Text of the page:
RELIGION.] The religion of Denmark is Lutheran ; and the kingdom is divided into fix dioceses : one in Zealand, one in Funen, and four in Jutland ; besides four in Norway, and two in Iceland. These dioceses are governed by bithops, whose duty it is to superintend the other clergy; nor have they any other mark of pre-eminency than a distinction in their ecclefiaftical dress ; for they have neither cathedrals nor ecclefiaftical courts, nor the smallest concern with civil affairs : their morals, however, are to good, that.they are revered by the people. They are paid by the state, the church lands having been appropriated to the government at the reformation.
LANGUAGE AND LEARNING.] The language of Denmark is a dialect of the Teutonic; but High Dutch and French are ipoken at court; and the nobility have lately made great advances in the English, which is now publicly taught at Copenhagen as a neceitary part of education. A company of English comedians occasionally visit that capital, where they find tolerable encouragement.
The university of Copenhagen has funds for the gratuitous support of 398 students ; these fundz are said to amount to 300,000 rix-dollars. But the Danes in general have made no great figure in literature ; though astronomy and medicine are highly indebted to their Tycho Brahe, Borrichius, and the Bartholines ; and the Round Tower and Chriftian's Haven display the mechanical genius of a Longomontanus, They begin now, however, to make some promising attempts in history, poetry, and the drama. But it appears, that, in general, literature receives very little countenance or encouragement in Denmark; which may be considered as the principal caule of its being so little cultivated by the Danes.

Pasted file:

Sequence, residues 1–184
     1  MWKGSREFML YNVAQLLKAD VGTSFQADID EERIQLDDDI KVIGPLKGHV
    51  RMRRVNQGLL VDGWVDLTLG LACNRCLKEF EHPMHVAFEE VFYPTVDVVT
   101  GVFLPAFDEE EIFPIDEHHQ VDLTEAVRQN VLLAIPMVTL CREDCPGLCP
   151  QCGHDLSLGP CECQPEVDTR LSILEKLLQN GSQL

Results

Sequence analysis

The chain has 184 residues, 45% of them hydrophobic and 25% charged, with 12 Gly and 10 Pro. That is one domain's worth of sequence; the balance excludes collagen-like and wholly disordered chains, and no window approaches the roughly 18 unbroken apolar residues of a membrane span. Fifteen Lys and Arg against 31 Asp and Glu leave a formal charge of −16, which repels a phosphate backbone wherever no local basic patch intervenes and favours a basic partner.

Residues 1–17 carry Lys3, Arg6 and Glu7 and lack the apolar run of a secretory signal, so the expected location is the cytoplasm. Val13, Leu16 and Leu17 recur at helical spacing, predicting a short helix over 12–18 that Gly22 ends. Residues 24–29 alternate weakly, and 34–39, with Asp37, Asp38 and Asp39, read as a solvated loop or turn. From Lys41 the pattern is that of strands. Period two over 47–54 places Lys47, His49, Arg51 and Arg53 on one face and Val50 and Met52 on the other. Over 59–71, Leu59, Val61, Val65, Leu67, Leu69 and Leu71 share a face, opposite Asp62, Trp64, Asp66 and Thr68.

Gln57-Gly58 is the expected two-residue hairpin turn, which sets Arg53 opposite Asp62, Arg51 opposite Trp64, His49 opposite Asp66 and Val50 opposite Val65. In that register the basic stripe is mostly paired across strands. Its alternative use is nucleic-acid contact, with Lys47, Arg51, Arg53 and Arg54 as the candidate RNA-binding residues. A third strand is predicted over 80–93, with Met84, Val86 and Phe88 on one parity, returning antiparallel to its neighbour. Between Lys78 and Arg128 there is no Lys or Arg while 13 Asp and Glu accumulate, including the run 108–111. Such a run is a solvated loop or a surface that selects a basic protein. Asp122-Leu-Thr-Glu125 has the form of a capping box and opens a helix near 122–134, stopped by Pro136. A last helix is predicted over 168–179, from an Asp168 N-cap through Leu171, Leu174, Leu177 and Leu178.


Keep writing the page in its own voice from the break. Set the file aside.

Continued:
Cities AND CHIEF BUILDINGS.] Copenhagen, which is situated on the fine island of Zealand, was originally a fettlement of failors, and first founded by some wandering fishermen in the twelfth century, but is now the metropolis, and makes a magnificent appearance at a distance. It is very strong, and defended by four royal cattles or forts. It contains ten parith churches, besides nine others belorging to the Calvinists and other persuasions, and some hospitals. Copenhagen is adorned by some public and private palaces, as they are called. Its streets are 186 in number : and its inhabitants amount to 100,000. The houses in the principal streets are built of brick, and those in the lanes chiefly of timber. Its